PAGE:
Guest post by Colleen Smythe, law student at University of Michigan, who participated in MHAS’ summer internship program. Student interns’ activities include conducting client intake interviews, drafting SSI appeal briefs, assisting veterans to resolve warrant and ticket issues, and doing research and advocacy in special education and fair housing.
My summer internship at MHAS was rewarding and eye-opening. As a law student considering a career in disability law, my goals for this summer were to improve my legal writing, explore substantive disability law, and learn what it is like to work in direct legal services. MHAS delivered in all these areas.
First, working at MHAS strengthened my ability to research unfamiliar areas of the law and apply them to specific cases. I researched a variety of topics throughout the summer, including discrimination based on mental disability in restaurants, student loan discharge due to total and permanent disability, and medical debt waivers for indigent veterans.
Conducting client phone calls was also a tremendous opportunity for growth. With continuing attorney consultation and supervision, I advised many clients on disability benefit applications and appeals (increasing their chances of winning much-needed support), advised parents on special education advocacy, and educated tenants about fair housing laws. Perhaps more importantly, intake was an excellent hands-on crash course in client interviewing. I improved my ability to maintain a professional relationship with clients and gather information efficiently while still making clients feel heard and respected — skills that I will use no matter what area of law I pursue. I even had the opportunity to practice using Spanish in a legal context, as MHAS serves a fair number of Spanish-speaking clients.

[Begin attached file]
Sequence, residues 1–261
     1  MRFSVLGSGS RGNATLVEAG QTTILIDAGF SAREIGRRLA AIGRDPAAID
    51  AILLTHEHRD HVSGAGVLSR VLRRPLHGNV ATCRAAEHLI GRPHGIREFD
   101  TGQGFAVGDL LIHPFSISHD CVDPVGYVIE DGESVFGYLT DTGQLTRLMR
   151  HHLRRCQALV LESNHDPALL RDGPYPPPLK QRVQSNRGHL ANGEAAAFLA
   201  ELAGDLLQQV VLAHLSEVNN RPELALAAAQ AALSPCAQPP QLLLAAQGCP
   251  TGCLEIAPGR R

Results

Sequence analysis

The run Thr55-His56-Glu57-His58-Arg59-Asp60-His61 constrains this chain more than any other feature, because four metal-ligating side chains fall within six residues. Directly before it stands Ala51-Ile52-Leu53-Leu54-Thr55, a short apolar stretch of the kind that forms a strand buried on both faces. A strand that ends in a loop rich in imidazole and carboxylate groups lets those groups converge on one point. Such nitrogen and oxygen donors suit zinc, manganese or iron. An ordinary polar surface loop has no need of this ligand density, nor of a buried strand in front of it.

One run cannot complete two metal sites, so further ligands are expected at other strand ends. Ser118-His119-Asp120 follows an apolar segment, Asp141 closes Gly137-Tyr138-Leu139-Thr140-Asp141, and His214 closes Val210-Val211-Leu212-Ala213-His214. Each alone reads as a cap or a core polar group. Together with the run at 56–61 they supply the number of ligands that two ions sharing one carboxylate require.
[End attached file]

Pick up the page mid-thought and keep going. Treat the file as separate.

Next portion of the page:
The structure of the internship made the experience even better. As clerks, we were the clients’ main point of contact with the organization. Although I conferred regularly with MHAS attorneys throughout client intake, it was satisfying to know that each case I handled was essentially my own project from start to finish. The internship also included many interesting trainings and visits built into it, which expanded my understanding of the mental health system and public interest careers. Finally, it was a relief to navigate my first real legal job alongside eight other law student clerks, who were an invaluable source of insight, support, and humor. Overall, MHAS was the perfect environment for strengthening the legal grounding of my passion for disability rights, and I am very grateful for this opportunity.